50 Shades of Gray Area – Censorship and the Cannabis Industry [UPDATED Sept 12]

[UPDATE Sep 12]

According to Civilized, Facebook admitted to banning and censoring CBD and hemp-related ads on their platforms (Facebook, Messenger, and Instagram).

Social media platforms have been "cracking down" on cannabis-related accounts since 2016. As cannabis becomes legal in more states, the industry is struggling to find a platform where they can educate and advertise safely without having their posts taken down. The lack of consistency in mainstream platforms have prompted many users to resort to more adult-oriented spaces or creating their own platforms. TheWeedTube is one of them.

Born out of the infamous YouTube cannabis purge of 2018, TheWeedTube's founder, Arend Richard (TheGayStoner), got together with some other YouTubers who found their accounts suddenly deleted, including Mackenzie McCurry (Macdizzle420), decided they'd had enough with YouTube and created a platform specifically for the cannabis space. Thus, after some successful crowdfunding campaigns to get themselves off the ground, TheWeedTube was born.

The Cannabis Stigma

Why are all these social media platforms cracking down on cannabis content? The answer, very simply, is money. Mainstream advertisers still don't want to associate themselves with cannabis content, so they're unwilling to put their ads on cannabis-related content creators. Without the ability to monetize their content, sites like YouTube, Facebook, and Instagram have been removing these creators' accounts for "violating community guidelines." If advertisers refuse to have their ads on the site, that means no one makes any money. And since "money talks," the advertisers generally get their way.

Poof! Your Account is Deleted


Facebook began the trend in early 2016 by summarily deleting cannabis-related accounts with no warning. Their reason: violating community standards. The specific standard in question reads: "To encourage safety and compliance with common legal restrictions, we prohibit attempts by individuals, manufacturers, and retailers to purchase, sell, or trade non-medical drugs, pharmaceutical drugs, and marijuana." That's all well and good, but their purge included accounts that were educating readers about changes in local laws or even sold cannabis-related apparel. Maybe they thought a cotton-poly t-shirt with a pot leaf on it would get you high.


Last year, YouTube went on a purging spree of cannabis-related accounts, completely removing them from the platform. This included TheWeedTube founders Richard and McCurry as well as Joya G, silencedhippie, and Koala Puffs, among many others. Most of them had been dealing with their individual videos being flagged, but this was usually solved with a simple email to YouTube appealing the flag. With their accounts completely gone, many users saw years of videos gone overnight. While most eventually had their accounts restored after a few months of public outcry, some decided it wasn't worth the effort and simply migrated to other platforms. YouTube still hasn't offered an official explanation.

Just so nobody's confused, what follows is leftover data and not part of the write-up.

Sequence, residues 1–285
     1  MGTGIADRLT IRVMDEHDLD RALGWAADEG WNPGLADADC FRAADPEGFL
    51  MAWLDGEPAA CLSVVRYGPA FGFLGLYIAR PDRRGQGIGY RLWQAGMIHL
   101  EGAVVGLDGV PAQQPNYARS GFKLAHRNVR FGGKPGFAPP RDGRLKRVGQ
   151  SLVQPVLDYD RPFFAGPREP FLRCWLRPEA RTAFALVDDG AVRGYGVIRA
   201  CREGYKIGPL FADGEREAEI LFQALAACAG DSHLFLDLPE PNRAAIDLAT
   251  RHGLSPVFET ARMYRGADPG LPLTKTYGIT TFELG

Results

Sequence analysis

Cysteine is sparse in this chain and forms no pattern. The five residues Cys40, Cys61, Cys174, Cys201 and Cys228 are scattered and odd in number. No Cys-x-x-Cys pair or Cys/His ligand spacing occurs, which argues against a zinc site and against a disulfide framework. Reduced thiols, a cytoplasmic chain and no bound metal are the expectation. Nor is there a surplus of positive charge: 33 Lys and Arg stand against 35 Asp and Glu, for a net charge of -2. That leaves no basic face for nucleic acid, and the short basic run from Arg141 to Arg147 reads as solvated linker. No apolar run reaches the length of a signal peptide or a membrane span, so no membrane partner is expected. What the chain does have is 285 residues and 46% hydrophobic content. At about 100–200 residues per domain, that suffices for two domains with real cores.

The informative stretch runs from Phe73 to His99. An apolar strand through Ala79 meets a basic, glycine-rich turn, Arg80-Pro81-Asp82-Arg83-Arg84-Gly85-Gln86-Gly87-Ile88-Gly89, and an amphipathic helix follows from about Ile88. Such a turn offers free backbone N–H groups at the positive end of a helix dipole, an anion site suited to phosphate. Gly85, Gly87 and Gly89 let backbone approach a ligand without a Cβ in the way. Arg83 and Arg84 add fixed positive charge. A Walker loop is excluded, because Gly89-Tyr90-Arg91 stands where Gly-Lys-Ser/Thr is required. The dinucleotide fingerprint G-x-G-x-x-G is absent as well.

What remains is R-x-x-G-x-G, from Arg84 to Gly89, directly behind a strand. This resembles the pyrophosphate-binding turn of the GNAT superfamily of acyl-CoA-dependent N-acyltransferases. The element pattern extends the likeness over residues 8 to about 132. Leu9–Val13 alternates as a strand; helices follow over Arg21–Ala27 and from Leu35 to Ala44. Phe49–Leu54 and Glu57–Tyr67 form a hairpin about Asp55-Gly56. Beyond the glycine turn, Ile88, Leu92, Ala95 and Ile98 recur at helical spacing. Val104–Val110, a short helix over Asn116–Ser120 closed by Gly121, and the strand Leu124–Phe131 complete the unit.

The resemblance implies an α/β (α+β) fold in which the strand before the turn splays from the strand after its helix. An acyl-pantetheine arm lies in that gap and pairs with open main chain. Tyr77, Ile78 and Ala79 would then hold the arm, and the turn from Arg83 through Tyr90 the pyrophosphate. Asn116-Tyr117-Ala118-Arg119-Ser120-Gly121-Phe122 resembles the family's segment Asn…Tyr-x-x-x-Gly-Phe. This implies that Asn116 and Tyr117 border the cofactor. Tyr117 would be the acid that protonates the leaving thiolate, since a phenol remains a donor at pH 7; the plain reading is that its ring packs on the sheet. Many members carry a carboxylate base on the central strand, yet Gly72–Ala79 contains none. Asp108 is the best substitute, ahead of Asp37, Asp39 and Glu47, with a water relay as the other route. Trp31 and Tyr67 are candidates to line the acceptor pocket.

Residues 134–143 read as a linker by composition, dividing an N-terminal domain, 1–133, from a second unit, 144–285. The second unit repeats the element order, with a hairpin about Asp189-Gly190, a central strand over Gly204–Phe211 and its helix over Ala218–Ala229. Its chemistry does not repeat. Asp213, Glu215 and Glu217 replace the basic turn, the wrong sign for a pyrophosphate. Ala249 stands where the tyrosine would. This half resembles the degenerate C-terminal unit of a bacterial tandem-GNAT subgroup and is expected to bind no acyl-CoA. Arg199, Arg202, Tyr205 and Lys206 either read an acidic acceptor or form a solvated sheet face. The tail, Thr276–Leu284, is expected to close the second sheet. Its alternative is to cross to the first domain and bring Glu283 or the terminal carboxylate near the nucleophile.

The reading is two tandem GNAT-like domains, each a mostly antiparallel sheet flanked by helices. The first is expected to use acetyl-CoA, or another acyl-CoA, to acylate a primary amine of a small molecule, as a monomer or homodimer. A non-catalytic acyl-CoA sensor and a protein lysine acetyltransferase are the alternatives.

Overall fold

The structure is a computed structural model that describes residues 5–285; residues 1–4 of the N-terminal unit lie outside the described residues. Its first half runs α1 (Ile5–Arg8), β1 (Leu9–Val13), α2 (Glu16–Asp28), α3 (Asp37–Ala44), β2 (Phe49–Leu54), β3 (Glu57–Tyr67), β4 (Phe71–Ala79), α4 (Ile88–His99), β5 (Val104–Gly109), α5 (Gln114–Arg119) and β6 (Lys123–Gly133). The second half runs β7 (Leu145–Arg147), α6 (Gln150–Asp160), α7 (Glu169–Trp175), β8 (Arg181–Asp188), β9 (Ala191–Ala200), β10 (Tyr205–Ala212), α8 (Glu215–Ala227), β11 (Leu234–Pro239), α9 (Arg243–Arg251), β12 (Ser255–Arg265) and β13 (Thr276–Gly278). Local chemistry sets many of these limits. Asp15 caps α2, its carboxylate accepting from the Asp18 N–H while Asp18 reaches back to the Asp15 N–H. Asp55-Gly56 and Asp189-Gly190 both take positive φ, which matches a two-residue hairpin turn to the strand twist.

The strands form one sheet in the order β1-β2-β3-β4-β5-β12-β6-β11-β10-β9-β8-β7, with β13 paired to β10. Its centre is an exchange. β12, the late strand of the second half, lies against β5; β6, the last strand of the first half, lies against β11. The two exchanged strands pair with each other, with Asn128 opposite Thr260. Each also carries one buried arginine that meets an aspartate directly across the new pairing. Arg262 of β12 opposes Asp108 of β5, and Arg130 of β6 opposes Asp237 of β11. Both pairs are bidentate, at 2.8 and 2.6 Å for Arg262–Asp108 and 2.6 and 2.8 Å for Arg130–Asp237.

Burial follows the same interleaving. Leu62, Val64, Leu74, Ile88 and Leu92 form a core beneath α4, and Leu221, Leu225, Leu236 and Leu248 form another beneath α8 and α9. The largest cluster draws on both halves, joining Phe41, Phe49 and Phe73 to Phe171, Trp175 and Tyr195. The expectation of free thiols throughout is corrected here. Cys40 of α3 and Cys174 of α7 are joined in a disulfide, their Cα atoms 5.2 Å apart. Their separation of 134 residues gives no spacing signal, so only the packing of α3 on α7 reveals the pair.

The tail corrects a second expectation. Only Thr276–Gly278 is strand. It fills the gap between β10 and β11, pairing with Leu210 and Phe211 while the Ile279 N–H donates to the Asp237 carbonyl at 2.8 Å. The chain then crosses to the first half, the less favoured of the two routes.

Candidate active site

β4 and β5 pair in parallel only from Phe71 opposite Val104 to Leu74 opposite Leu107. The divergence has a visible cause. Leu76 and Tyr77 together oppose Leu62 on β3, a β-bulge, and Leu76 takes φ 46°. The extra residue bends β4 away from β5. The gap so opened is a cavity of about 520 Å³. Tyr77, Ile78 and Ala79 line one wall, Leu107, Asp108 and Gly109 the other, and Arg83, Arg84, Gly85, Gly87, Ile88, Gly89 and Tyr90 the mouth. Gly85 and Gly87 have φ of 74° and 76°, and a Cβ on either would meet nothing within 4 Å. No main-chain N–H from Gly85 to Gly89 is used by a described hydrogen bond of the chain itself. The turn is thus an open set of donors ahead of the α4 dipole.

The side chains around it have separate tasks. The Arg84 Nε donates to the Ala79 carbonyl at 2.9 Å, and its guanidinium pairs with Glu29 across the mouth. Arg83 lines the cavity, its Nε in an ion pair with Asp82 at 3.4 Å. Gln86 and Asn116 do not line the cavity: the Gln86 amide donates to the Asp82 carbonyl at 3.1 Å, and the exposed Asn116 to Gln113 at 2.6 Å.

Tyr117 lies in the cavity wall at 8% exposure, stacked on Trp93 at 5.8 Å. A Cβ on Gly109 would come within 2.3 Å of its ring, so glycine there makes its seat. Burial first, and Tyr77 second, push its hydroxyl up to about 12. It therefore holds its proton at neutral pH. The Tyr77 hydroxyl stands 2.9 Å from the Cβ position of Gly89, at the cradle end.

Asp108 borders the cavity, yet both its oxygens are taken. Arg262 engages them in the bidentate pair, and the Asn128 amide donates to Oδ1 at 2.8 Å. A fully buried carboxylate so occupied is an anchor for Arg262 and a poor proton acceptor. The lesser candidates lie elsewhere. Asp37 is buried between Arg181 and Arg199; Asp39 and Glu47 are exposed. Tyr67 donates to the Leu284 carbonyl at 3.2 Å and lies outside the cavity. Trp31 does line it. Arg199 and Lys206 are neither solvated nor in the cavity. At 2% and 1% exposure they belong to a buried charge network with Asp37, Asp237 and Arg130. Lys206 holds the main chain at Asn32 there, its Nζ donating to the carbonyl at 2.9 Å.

Instagram "Shadowbanning"

Instagram has taken a different approach to silencing cannabis accounts by simply burying them. "Shadowbanning" is the term used to describe preventing posts and accounts from showing up in hashtags or search results. In other words, if you've been "shadowbanned," only your followers will see your posts, and even that's not guaranteed, thanks to "the algorithm." As with YouTube, Instagram has been mum on the subject, refusing to even acknowledge it exists. Still, the generally accepted theory once again comes down to advertisers and money.

Breaking the Stigma

Although more and more states are legalizing cannabis in some form, the cannabis stigma is still alive and well. As Richard told Forbes in a recent interview, "The issue of stigma in cannabis has held us back in almost every step [when it comes to] software, developers and servers to host our content."

This includes advertising. In the same interview, Richard claims he has yet to be "accepted by a single major ad service, meaning we can't run commercial advertisements on TheWeedTube.com before our videos unless we sell those spots ourselves."

This gives TheWeedTube the opportunity to open its platform to cannabis brands who would otherwise be shunned by more mainstream platforms. Now, cannabis enthusiasts have a place to go for cannabis content, whether it's informative or for entertainment, and cannabis brands have a space where they can advertise to their target demographic.

Richard is certainly doing his part with TheWeedTube. As he told Forbes in a separate interview:

I combat stigma through my actions. They speak louder than words, right? It has been my belief that the cannabis community needs to fight the negative stigma of cannabis by showing the world what a wonderful open-minded community we are. Whether that means using our voices together for more than just cannabis advocacy, or being that person who’s going to pick up someone else’s litter from the streets. Combating stigma is doing good deeds in your everyday life, no matter the level of impact. No matter where you are. No matter who’s watching.

That sounds exactly like what we're trying to accomplish here at Confidence in Cannabiz. Combat stereotypes, showcase cannabis content, and ultimately, change minds and hearts! Together, we can break the stigma and show the world that the cannabis community is a productive, committed community that's not going anywhere. If you're ready and willing to make a bold difference in this industry, create a FREE account on TheWeedTube (or if you are a brand, ask our founder Amanda about the various advertisement options on TWT as they are significantly more affective than other websites and platforms with a better ROI) and say NO to cannabis censorship for good!

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